Energy Policy and Transportation

In discussing the future of transportation, it is important to understand that large part of the U.S. transportation involves the movement of energy.  But it is in the use of that energy that we are able to enjoy “the American way of life”.   It is clear that the availability of energy will largely shape our economic future.

Here is a new video from the PACE Institute.  (I met with Lance Brown when he was filming this video in New Orleans and he spoke at the  ITTS Conference in Memphis.)   He raises the question that new energy policies should not ignore the costs to consumers when considering new options.  Such considerations are important, especially when considering new policies.

This does not necessary appear to be a contrast to the broader question about the future of energy, as highlighted or by Chris Martenson.  Mr. Martenson suggests we are past peak oil, and the future of energy will dramatically change over the next twenty years from increased competition and misaligned expectations regarding energy policies and availability.  (This was one of the four scenarios “One World Order” outlined in discussed at the AASHTO/Freight Partnership meeting.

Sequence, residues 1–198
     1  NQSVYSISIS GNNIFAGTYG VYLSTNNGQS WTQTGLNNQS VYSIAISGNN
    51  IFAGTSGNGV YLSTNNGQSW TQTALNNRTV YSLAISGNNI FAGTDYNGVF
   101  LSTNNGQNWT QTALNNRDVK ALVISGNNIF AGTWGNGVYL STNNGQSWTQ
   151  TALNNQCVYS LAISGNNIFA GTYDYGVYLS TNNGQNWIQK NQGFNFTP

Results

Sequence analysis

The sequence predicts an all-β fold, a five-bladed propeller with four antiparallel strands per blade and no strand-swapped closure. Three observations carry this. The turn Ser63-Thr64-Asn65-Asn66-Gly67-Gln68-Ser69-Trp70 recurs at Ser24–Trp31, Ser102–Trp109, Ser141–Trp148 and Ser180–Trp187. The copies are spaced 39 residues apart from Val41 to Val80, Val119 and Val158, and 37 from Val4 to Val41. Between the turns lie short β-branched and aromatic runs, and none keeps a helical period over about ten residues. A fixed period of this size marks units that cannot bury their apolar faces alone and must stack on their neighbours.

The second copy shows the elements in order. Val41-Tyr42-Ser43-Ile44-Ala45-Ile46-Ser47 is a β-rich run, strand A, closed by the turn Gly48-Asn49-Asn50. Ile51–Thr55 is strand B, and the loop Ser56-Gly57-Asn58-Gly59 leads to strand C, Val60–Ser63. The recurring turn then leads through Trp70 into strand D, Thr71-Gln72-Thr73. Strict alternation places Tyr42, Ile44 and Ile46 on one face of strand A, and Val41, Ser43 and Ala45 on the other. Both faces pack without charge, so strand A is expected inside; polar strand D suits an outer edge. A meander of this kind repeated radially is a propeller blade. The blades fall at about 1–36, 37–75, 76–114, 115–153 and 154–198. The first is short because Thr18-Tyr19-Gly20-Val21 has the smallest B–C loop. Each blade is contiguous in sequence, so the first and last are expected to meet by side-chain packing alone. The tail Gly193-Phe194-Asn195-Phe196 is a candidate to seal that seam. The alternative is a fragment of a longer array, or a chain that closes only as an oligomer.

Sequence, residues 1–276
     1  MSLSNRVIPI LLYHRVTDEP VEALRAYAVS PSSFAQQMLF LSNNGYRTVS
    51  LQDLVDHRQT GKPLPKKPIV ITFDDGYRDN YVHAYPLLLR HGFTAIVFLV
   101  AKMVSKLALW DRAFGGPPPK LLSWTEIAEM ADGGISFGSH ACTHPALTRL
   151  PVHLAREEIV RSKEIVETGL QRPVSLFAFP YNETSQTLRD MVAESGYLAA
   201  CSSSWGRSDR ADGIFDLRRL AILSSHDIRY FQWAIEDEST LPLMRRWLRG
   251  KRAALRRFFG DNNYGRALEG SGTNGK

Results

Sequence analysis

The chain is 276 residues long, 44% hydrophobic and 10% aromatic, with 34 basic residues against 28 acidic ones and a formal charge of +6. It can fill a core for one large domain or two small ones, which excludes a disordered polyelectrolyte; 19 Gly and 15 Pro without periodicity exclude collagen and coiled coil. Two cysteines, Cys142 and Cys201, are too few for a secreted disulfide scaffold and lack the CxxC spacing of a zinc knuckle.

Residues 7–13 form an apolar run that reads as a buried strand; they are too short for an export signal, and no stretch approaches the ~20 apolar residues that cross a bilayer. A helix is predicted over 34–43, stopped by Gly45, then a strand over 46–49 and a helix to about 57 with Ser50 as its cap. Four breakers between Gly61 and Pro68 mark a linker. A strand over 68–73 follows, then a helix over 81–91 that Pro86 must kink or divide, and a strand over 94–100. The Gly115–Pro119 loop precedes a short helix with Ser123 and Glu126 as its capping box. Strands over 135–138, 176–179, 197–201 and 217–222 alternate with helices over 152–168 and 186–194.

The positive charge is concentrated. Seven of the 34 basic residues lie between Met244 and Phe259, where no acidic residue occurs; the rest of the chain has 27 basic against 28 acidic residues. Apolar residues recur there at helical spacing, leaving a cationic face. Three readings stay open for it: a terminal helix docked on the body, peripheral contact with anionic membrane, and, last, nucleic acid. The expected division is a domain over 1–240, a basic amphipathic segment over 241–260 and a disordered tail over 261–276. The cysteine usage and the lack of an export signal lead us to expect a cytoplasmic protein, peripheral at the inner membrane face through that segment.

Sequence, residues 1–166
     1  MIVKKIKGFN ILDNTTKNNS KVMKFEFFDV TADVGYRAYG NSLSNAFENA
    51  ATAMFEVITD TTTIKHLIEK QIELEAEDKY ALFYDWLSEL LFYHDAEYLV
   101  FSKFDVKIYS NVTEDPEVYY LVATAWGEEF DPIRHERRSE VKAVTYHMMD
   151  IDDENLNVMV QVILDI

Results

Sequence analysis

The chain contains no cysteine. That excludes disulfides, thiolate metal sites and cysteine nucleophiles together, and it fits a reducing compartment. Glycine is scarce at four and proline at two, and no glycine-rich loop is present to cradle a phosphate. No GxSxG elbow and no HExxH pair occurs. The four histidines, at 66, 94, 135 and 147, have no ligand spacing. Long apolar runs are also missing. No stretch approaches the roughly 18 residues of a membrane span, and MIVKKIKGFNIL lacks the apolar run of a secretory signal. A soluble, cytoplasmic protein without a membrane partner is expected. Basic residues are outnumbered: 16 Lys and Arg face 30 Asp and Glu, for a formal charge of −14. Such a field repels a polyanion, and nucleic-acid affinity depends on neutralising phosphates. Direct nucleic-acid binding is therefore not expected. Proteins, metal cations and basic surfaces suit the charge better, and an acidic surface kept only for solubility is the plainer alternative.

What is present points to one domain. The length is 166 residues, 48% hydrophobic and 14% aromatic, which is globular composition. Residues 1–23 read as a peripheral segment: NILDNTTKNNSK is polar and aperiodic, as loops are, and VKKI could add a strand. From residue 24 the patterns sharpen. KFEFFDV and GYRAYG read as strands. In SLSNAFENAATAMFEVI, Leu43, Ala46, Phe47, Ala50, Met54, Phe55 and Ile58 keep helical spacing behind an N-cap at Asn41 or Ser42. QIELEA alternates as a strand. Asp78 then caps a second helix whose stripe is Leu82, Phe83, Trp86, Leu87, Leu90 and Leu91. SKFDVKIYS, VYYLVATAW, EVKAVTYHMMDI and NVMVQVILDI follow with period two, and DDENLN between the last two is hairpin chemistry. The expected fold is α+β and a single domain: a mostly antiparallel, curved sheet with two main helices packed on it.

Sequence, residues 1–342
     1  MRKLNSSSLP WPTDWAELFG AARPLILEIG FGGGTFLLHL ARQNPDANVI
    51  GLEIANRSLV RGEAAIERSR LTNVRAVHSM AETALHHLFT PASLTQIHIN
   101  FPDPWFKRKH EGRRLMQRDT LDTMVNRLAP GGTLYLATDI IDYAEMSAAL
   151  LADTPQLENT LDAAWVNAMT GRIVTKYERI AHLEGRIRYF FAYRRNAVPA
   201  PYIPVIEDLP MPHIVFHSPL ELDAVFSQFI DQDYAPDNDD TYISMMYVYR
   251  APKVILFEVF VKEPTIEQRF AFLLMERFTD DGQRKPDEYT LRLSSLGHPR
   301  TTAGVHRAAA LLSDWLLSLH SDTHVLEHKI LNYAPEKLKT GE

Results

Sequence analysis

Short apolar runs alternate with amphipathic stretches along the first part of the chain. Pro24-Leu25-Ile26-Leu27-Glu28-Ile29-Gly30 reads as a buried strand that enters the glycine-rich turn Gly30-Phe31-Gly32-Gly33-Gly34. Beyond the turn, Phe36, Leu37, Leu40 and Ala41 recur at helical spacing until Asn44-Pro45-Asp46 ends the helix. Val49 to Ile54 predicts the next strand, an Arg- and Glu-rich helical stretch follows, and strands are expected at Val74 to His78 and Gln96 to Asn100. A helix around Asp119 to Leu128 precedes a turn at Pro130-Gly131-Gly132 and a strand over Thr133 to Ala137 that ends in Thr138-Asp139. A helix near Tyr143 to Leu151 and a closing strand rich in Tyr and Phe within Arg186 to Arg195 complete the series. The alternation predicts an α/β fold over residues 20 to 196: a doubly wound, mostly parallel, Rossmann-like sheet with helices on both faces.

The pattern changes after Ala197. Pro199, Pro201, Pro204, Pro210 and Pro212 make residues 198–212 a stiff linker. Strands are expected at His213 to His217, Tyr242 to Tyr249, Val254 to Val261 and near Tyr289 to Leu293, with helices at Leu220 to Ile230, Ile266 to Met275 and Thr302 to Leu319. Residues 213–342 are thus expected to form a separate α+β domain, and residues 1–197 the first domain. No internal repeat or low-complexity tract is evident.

These discussions about energy production and use suggest that a discussion on energy, ranging  consumer and business costs, cargoes carried and mode, to social costs (externalities) of transportation (emissions, noise, etc.) such as in GAO report 11-134,  and pipeline safety, are just as relevant when discussing energy policy as is the creation of the energy itself.




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